Trusts are estate-planning tools that can help you manage property during life while ensuring a smooth transition of affairs after death. The Trusts section of FindLaw's Estate Planning Center includes practical information on different types of trusts including living trusts and charitable trusts. You'll also find useful guidance on how to set up a living trust, choosing a trustee, tax implications of trusts, when it makes sense to hire an attorney and related issues.
Types of Trusts
There are many different kinds of trusts possible, though all trusts can be separated into two groups; revocable and irrevocable trusts. The key difference, that one can be revoked and the other cannot, is apparent in their names, though the reasons for selecting one or another has more to do with other details about ownership and control.
A revocable trust, often called a "living trust," are trusts in which the person making the trust transfers their title of property into the Trust, serves as the initial Trustee, and has the ability to remove, change, modify, alter, or entirely revoke the trust during their lifetime. Trusts of this sort are useful because the trust owns the property, rather than the person making the trust. As such, when the person dies the property held in trust is not subject to probate. An irrevocable trust, by contrast, is one that cannot be altered, changed, modified, or revoked once it has been created.
Revocable trusts may be vulnerable to claims by the creator's creditors. To access these assets the creditor will need to petition the court for an order enabling them to access the assets of the trust, but the control the trust maker maintains in trusts of this kind is precisely what makes the assets vulnerable to creditors. Upon death a revocable trust becomes irrevocable.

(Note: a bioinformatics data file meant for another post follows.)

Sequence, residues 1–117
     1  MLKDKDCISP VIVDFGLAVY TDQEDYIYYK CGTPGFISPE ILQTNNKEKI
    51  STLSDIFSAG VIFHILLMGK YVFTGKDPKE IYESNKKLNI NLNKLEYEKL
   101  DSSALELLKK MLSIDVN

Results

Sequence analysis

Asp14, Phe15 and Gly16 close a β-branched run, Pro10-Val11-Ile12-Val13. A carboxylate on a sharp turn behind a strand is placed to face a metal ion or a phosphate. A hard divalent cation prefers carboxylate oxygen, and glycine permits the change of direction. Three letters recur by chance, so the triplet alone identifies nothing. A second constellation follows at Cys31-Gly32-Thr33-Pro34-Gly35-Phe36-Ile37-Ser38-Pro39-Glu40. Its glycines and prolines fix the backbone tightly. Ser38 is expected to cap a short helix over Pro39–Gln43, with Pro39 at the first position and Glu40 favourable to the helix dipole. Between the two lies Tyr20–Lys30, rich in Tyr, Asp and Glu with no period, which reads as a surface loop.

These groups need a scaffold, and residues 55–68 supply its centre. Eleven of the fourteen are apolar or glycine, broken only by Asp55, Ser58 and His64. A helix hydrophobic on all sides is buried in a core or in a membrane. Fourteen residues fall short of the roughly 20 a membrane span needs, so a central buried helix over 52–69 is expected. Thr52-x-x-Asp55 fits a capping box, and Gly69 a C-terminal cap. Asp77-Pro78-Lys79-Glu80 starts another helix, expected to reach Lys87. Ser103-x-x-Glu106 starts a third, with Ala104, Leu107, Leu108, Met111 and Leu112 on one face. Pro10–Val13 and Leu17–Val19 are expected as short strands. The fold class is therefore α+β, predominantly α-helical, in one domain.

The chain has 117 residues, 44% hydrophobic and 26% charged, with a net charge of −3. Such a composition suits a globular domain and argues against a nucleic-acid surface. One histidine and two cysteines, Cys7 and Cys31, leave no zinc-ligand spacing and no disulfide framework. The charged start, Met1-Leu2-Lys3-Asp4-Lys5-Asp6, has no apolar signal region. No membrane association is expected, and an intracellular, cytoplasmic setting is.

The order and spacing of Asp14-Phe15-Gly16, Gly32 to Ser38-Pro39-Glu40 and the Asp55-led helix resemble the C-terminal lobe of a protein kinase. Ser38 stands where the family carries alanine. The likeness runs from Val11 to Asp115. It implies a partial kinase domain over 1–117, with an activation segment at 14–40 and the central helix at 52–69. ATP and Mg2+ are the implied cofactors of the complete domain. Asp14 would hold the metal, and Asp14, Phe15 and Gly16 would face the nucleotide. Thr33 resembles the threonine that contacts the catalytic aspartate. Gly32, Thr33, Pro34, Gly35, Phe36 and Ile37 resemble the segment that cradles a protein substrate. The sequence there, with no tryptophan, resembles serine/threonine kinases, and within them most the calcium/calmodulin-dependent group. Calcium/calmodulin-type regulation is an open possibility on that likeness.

There are many kinds of revocable and irrevocable trusts. We detail many of the trust types and their characteristics elsewhere in this section.
Setting up a Trust
Trusts, regardless of their type, have some common features. A trust is a transfer of legal ownership of property or assets from the property owner, called the trustor, to a person or institution responsible for handling the property, called a trustee. This property is held for the benefit of a third party, called the beneficiary.
A trustee is often compensated for their management of the trust. Regardless of whether they are paid the trust creates a "fiduciary" relationship between the trustee and the beneficiary, meaning that they can only act in the interests of the beneficiary. The grantor may act as trustee, but they still have the fiduciary duty. The grantor may also be the beneficiary of a trust, or among several beneficiaries. The obligations created by these different roles are important to consider when establishing a trust.
Many factors can influence the procedure for setting up a trust, including the age, size of the estate, and the marital status of the trustor. We provide information on choosing a trustee, amending an existing trust, as well as why a trust might be useful and how a trust ends.